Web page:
JC Dietrich, CN Dawson, JM Proft, MT Howard, G Wells, JG Fleming, RA Luettich Jr, JJ Westerink, Z Cobell, M Vitse, H Lander, BO Blanton, CM Szpilka, JH Atkinson (2013). “Real-Time Forecasting and Visualization of Hurricane Waves and Storm Surge Using SWAN+ADCIRC and FigureGen.Computational Challenges in the Geosciences, The IMA Volumes in Mathematics and its Applications, 156, 49-70, DOI: 10.1007/978-1-4614-7434-0_3.

Limiters for Spectral Propagation Velocities in SWAN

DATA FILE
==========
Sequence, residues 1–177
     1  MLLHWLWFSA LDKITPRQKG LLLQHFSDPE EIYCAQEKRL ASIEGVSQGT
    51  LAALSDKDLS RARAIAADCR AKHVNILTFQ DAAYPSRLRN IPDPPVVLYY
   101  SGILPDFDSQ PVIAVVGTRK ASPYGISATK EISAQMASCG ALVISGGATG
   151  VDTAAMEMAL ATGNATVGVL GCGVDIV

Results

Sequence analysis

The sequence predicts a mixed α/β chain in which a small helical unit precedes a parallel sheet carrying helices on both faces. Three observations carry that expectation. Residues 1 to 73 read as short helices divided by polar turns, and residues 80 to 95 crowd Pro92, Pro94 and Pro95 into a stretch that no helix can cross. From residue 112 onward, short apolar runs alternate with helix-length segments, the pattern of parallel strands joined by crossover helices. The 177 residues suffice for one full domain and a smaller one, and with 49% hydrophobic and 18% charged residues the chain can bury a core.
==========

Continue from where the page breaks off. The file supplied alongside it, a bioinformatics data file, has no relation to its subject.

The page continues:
OM2013As phase-averaged spectral wave models continue to grow in sophistication, they are applied more frequently throughout the ocean, from the generation of waves in deep water to their dissipation in the nearshore. Mesh spacings are varied within the computational domain, either through the use of nested, structured meshes or a single, unstructured mesh. This approach is economical, but it can cause accuracy errors in regions where the input parameters are under-resolved. For instance, in regions with a coarse representation of bathymetry, refraction can focus excessive wave energy at a single mesh vertex, causing the computed solution to become non-physical. Limiters based on the Courant–Friedrichs–Lewy (CFL) criteria are proposed for the spectral propagation (refraction and frequency shifting) velocities in SWAN. These limiters are not required for model stability, but they improve accuracy by reducing local errors that would otherwise spread throughout the computational domain. As demonstrated on test cases in deep and shallow water, these limiters prevent the excessive directional turning and frequency shifting of wave energy and control the largest errors in under-resolved regions.